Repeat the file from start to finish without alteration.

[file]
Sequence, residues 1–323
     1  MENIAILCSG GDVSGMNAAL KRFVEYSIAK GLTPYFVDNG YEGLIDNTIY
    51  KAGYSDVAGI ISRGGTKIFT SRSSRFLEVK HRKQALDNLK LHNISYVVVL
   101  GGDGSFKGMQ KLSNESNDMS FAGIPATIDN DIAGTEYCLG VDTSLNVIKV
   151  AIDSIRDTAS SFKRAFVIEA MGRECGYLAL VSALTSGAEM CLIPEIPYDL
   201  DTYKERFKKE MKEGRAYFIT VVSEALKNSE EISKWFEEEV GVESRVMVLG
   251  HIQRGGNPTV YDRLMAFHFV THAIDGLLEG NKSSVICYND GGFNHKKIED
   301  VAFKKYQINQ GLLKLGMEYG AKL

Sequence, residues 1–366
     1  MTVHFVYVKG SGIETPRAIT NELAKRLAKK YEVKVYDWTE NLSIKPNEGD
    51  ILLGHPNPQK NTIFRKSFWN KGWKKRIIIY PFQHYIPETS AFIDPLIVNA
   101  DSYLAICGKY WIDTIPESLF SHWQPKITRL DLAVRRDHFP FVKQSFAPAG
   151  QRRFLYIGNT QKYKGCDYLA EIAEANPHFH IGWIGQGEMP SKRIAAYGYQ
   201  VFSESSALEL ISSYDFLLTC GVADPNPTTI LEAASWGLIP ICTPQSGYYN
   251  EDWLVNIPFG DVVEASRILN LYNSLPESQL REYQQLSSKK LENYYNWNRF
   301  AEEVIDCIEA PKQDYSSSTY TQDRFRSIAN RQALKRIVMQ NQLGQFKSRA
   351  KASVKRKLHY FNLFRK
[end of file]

Sequence, residues 1–323
     1  MENIAILCSG GDVSGMNAAL KRFVEYSIAK GLTPYFVDNG YEGLIDNTIY
    51  KAGYSDVAGI ISRGGTKIFT SRSSRFLEVK HRKQALDNLK LHNISYVVVL
   101  GGDGSFKGMQ KLSNESNDMS FAGIPATIDN DIAGTEYCLG VDTSLNVIKV
   151  AIDSIRDTAS SFKRAFVIEA MGRECGYLAL VSALTSGAEM CLIPEIPYDL
   201  DTYKERFKKE MKEGRAYFIT VVSEALKNSE EISKWFEEEV GVESRVMVLG
   251  HIQRGGNPTV YDRLMAFHFV THAIDGLLEG NKSSVICYND GGFNHKKIED
   301  VAFKKYQINQ GLLKLGMEYG AKL

Sequence, residues 1–366
     1  MTVHFVYVKG SGIETPRAIT NELAKRLAKK YEVKVYDWTE NLSIKPNEGD
    51  ILLGHPNPQK NTIFRKSFWN KGWKKRIIIY PFQHYIPETS AFIDPLIVNA
   101  DSYLAICGKY WIDTIPESLF SHWQPKITRL DLAVRRDHFP FVKQSFAPAG
   151  QRRFLYIGNT QKYKGCDYLA EIAEANPHFH IGWIGQGEMP SKRIAAYGYQ
   201  VFSESSALEL ISSYDFLLTC GVADPNPTTI LEAASWGLIP ICTPQSGYYN
   251  EDWLVNIPFG DVVEASRILN LYNSLPESQL REYQQLSSKK LENYYNWNRF
   301  AEEVIDCIEA PKQDYSSSTY TQDRFRSIAN RQALKRIVMQ NQLGQFKSRA
   351  KASVKRKLHY FNLFRK